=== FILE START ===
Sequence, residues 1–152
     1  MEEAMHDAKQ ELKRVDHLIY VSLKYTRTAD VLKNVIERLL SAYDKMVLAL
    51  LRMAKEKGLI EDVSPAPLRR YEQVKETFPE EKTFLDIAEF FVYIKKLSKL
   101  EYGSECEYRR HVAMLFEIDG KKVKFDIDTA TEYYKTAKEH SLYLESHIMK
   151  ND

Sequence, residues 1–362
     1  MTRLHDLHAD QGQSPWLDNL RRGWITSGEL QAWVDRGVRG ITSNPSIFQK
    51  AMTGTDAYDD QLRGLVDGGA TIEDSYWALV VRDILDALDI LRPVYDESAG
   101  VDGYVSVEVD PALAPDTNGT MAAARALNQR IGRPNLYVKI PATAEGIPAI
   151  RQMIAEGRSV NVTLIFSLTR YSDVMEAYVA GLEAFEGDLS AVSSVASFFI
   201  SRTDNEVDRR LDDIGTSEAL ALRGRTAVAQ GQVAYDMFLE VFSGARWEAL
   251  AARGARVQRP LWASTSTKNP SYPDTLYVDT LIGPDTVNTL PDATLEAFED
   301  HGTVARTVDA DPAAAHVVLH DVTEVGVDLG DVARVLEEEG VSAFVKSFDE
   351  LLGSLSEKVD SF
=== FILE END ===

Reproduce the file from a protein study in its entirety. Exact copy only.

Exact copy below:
Sequence, residues 1–152
     1  MEEAMHDAKQ ELKRVDHLIY VSLKYTRTAD VLKNVIERLL SAYDKMVLAL
    51  LRMAKEKGLI EDVSPAPLRR YEQVKETFPE EKTFLDIAEF FVYIKKLSKL
   101  EYGSECEYRR HVAMLFEIDG KKVKFDIDTA TEYYKTAKEH SLYLESHIMK
   151  ND

Sequence, residues 1–362
     1  MTRLHDLHAD QGQSPWLDNL RRGWITSGEL QAWVDRGVRG ITSNPSIFQK
    51  AMTGTDAYDD QLRGLVDGGA TIEDSYWALV VRDILDALDI LRPVYDESAG
   101  VDGYVSVEVD PALAPDTNGT MAAARALNQR IGRPNLYVKI PATAEGIPAI
   151  RQMIAEGRSV NVTLIFSLTR YSDVMEAYVA GLEAFEGDLS AVSSVASFFI
   201  SRTDNEVDRR LDDIGTSEAL ALRGRTAVAQ GQVAYDMFLE VFSGARWEAL
   251  AARGARVQRP LWASTSTKNP SYPDTLYVDT LIGPDTVNTL PDATLEAFED
   301  HGTVARTVDA DPAAAHVVLH DVTEVGVDLG DVARVLEEEG VSAFVKSFDE
   351  LLGSLSEKVD SF